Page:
Readers of the international press might believe that the UK is in dire straits, with worried consumers retrenching their spending and Brexit-fearing businesses battening down the hatches. Adding fuel to this narrative, an unusually high number of British retailers have sought to close stores and renegotiate rents with their landlords so far this year. In this week’s note, we offer our own view of what is really going on in the UK economy and, specifically, in the country’s retail sector.
UK Retail Continues to Grow
Brits are continuing to spend, supported by record employment levels and wages that are rising faster than inflation. So far this year, retail sales have continued to grow in real terms (i.e., adjusting for inflation), with sales in May jumping by an extraordinary 4.4%. The average real growth of 1.4% so far in 2018 is below that seen in recent years, but the sustained increase in real retail sales confirms that UK consumers have not cut back their retail spending in aggregate, even if some retailers are feeling the pinch.
The softening of retail growth in 2017 and into 2018 followed a squeeze of incomes, as inflation rose during 2017 and began to outstrip income growth. Consumers responded by growing their spending more slowly and fueling some of that spending by cutting how much they saved. The savings ratio fell to just 4.1% in the first quarter of this year, the third-lowest rate since records began in 1963.
However, inflation has been falling back in recent months, and average earnings growth has outstripped average price growth for the last five months. Grocery-price inflation, in particular, has been easing, which will free up cash for consumers to spend on discretionary categories. This suggests that the second half of the year will see stronger retail growth than the first half. The UK consumer economy is also being supported by a record employment rate: at 75.6% in April (latest), the proportion of working-age people who are employed is at its highest level since the government began keeping comparable records in 1971.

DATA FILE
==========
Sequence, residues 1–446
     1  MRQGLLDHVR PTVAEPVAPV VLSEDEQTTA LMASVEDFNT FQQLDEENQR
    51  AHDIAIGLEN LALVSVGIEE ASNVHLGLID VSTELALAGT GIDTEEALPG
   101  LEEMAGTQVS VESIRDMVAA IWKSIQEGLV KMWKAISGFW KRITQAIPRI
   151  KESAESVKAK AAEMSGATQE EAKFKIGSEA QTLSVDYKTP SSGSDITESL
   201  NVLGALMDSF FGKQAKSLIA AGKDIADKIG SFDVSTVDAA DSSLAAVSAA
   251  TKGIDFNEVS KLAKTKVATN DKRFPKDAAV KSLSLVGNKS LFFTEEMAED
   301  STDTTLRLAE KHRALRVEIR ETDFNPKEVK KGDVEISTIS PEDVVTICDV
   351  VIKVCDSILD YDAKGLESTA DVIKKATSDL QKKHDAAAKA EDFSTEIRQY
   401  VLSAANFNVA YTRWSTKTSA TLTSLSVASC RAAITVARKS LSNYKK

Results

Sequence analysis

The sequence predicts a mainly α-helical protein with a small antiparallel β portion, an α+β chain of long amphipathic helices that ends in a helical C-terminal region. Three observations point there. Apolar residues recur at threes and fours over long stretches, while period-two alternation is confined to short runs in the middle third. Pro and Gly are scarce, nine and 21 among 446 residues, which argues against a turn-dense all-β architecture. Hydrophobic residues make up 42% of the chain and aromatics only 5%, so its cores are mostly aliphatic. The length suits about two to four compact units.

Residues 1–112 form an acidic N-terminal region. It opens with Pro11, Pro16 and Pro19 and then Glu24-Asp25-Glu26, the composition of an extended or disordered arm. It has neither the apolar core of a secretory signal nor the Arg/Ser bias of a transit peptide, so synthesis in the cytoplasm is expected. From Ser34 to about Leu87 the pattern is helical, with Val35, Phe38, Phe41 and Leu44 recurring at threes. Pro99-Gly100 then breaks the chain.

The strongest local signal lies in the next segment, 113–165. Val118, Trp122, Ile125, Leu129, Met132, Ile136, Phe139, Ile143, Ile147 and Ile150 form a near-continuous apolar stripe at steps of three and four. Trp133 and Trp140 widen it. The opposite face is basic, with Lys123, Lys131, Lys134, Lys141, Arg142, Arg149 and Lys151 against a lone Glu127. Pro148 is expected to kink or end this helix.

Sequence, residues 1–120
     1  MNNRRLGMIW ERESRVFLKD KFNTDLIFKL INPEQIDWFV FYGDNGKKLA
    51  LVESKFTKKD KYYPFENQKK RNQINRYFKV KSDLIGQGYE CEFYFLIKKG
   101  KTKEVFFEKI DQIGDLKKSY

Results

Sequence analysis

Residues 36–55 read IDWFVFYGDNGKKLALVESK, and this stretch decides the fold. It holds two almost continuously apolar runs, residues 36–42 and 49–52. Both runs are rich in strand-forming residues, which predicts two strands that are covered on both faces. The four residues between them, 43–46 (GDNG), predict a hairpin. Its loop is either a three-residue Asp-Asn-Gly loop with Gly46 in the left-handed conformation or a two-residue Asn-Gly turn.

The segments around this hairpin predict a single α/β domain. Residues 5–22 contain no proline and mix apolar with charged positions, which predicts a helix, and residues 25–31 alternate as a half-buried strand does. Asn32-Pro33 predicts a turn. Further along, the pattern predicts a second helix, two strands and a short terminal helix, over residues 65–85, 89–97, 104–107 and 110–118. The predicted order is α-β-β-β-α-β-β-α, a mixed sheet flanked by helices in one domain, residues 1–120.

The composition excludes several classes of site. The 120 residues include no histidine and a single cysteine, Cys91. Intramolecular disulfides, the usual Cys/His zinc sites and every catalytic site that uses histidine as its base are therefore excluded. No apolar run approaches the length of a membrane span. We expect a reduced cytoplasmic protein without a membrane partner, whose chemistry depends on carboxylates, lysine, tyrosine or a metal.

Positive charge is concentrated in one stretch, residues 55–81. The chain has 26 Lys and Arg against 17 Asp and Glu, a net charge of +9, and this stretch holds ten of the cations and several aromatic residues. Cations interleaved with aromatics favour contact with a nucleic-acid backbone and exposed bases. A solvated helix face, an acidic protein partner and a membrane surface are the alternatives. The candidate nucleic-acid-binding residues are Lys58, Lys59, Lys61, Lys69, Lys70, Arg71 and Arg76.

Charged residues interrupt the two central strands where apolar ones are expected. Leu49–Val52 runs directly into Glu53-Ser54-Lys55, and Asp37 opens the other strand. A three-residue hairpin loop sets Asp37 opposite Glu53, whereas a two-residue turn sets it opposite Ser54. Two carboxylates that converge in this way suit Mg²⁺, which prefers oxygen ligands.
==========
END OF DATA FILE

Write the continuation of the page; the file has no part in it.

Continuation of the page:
International readers should also not assume that UK consumer confidence is being dented by “Bregret” over Brexit. Two years after the referendum on EU membership, poll after poll finds that Brits’ views on leaving the EU have barely shifted—the UK is as divided as when it voted on Brexit in June 2016. Moreover, polls show that only a small minority of the UK public would now like to abandon the Brexit process and stay in the EU; instead, a large majority polled are reconciled to leaving. Supporting this perception of steadiness, Eurostat has recorded broadly consistent UK consumer confidence levels since the start of 2017.
So, Why All the Store Closures?
A slew of UK retailers have closed stores this year: at midyear 2018 (June 29), the store closure total of 956 was already comparable to the 1,005 we recorded for 2017 as a whole. Major names such as House of Fraser, Carpetright, New Look and Mothercare have opted for company voluntary arrangements that allow them to close stores and reduce rents on remaining leases.
Some retailers have cited softening consumer demand, but we think that such softness is due in many cases to consumers opting to shop at rivals rather than to them cutting their spending altogether because, as the graph above shows, total retail demand has continued to grow. Instead, we see two specific challenges prompting store closures: cost pressures and structural changes.
First, retailers have seen labor costs rise due to the tight labor market, changes to the national living wage and new pension obligations. At the same time, high business rates have pinched retailers’ profits. Compounding these pressures is the migration of sales online—even when those sales move to a retailer’s own e-commerce site. The shift online deleverages the fixed costs of brick-and-mortar stores, including business rates, and that erodes store-level profitability.
Second, structural changes continue to squeeze legacy retailers hard. Major structural shifts in UK retail have enabled competitors to steal share from legacy retailers, while limiting those legacy retailers’ ability to pass on higher costs to shoppers. Consumer migration to e-commerce is one such shift, but the rise of discount retailers in groceries and adjacent categories (such as beauty) have had similar effects. Fierce competition has forced long-standing midmarket retailers to absorb cost pressures even while many of them face losing share in their markets.
So, for international readers, an important part of the UK retail story is that consumer demand continues to grow, albeit at a slower pace than in recent years. The real bad news is that cost pressures and structural shifts are hitting established brick-and-mortar retailers and driving the high-profile struggles in UK retail.
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